The great divide: why are young people less likely to vote?

Several polls suggest that youth turnout surged in June 2017, but why are young people typically less likely to vote?

As final voting data is not published with the inclusion of demographics, there is never 100% certainty over which groups of people turned out to vote at what rates. This is a significant problem for political scientists as survey data can only go so far, however, data consistently notes that young people are proportionally less likely to vote compared to older voters in elections in Britain over time and across much of the wider world.

Even at the 2017 election, during which young people allegedly voted more than they had done in years, there was still a clear age effect. YouGov data suggested that 59% of 20-24-year-olds voted compared to 64% of 25-29-year-olds and 84% of those aged 70 and over. Ipsos-MORI found similar figures.

The question is therefore why?

There are a number of theories in the literature that look at the issue, but the following two complementary theories are the most extensively researched.

The first is the life-cycle theory, which suggests that as young people first enter the electorate they encounter “start-up” problems. On one hand, they are preoccupied with other issues such as settling down, going through training or higher education and thus have other things on their minds, putting them off voting.

On the other, they face the cost of registering to vote and the costs of understanding the political system. Following this, as voters age, voting becomes easier and their commitment to the system through using public services and settling down increases their perceived interest in voting. Lastly, the theory posits that late in life, turnout will decline as individuals withdraw from society and suffer health issues, which makes it more difficult to get to the polling station.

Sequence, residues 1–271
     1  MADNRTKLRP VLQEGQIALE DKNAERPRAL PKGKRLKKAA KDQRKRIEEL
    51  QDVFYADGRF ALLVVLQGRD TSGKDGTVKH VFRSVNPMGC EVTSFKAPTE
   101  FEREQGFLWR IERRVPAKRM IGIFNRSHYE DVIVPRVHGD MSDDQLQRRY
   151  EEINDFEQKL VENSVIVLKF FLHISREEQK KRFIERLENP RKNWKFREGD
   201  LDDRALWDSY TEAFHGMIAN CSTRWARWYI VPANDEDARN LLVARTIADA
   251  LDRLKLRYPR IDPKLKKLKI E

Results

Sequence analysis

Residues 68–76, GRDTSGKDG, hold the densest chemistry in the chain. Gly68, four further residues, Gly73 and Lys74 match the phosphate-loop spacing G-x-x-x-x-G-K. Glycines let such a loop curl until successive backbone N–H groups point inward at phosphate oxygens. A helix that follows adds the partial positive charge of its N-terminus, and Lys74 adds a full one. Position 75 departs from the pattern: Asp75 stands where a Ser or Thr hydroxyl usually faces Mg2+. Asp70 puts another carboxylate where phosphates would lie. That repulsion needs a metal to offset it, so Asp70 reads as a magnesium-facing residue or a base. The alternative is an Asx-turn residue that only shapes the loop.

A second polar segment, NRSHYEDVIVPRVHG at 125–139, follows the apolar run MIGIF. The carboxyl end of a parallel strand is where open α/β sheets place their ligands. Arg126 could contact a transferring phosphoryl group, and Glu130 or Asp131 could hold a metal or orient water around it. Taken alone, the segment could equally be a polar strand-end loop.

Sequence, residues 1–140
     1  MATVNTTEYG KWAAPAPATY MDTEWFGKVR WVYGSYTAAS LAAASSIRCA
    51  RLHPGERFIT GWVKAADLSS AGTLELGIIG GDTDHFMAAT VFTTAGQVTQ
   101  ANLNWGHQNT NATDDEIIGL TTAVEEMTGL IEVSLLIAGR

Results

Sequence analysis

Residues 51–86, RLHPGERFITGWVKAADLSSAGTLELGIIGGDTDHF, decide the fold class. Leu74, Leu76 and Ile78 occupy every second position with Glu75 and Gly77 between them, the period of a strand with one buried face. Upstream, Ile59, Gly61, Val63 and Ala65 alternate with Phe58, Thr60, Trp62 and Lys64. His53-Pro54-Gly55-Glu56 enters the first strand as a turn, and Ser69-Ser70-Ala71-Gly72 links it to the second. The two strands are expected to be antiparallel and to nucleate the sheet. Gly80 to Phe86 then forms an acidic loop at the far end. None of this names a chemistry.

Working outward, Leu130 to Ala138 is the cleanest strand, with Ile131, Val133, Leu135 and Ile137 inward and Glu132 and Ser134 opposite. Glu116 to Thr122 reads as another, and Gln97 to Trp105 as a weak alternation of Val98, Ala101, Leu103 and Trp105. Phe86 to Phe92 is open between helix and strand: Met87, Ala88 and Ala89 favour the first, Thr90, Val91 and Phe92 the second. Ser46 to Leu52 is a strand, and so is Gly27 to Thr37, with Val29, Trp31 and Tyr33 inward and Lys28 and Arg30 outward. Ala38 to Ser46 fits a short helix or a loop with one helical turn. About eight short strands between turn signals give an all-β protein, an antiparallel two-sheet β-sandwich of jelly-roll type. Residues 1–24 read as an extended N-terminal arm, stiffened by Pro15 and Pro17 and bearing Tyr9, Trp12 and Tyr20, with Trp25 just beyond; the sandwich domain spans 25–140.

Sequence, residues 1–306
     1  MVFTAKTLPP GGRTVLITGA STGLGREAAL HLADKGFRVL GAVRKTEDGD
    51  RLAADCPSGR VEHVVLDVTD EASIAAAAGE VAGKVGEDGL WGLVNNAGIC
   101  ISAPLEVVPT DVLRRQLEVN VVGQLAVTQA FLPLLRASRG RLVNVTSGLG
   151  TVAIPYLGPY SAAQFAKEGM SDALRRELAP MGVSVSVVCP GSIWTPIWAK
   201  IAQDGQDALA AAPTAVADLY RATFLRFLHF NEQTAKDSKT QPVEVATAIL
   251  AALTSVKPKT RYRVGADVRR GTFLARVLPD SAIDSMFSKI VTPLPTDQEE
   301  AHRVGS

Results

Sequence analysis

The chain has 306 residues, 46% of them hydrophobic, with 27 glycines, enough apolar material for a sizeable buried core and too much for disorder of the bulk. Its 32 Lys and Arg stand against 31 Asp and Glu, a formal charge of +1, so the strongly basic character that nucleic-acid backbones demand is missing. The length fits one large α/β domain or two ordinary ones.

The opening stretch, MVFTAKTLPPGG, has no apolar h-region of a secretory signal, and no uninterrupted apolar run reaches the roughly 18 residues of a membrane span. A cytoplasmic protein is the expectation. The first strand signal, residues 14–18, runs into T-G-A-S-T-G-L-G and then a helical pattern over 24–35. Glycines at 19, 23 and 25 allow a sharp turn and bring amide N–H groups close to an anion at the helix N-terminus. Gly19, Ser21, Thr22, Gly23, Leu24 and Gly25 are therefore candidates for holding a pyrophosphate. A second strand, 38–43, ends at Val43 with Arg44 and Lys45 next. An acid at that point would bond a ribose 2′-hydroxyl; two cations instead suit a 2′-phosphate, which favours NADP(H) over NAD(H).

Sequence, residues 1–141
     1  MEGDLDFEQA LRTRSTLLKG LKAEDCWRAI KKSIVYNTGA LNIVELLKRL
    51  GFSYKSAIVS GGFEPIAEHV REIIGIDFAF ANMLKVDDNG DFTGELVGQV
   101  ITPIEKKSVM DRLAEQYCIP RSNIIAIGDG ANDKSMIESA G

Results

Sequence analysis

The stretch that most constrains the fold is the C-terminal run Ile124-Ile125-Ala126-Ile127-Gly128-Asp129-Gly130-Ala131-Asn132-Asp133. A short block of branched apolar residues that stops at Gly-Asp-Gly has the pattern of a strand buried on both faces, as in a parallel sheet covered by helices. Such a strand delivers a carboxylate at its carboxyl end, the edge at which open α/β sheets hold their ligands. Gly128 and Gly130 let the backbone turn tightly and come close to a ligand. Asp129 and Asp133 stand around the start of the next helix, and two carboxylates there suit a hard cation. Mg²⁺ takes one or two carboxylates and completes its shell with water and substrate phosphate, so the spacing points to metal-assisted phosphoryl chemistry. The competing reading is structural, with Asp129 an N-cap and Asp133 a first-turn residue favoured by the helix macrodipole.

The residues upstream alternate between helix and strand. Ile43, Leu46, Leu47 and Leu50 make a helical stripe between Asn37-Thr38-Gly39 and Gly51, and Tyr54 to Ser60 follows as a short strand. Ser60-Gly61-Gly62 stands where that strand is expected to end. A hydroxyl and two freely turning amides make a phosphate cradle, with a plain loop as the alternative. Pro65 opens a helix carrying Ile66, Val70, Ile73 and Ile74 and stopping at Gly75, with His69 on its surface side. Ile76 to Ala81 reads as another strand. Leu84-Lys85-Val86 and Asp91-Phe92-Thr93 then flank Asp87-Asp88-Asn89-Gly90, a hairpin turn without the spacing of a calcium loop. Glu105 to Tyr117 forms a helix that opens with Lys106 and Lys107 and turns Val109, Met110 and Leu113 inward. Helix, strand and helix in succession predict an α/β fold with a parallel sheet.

The second theory, which is often linked to happen alongside life-cycle effects, is the idea of differing political generations within an electorate. It goes like this: based of Mannheim’s generations thesis, people in a country at roughly the same period will be affected by the same big political events and will therefore have different propensities to vote. For example, Fox's (2015) thesis found evidence that British Millennials are distinctly unlikely to take part in political activities when life-cycle and generation effects are controlled for. 

For these two theories, there is sufficient empirical evidence for their effects in the political science literature, thus helping explain why young people are less likely to vote than older individuals.

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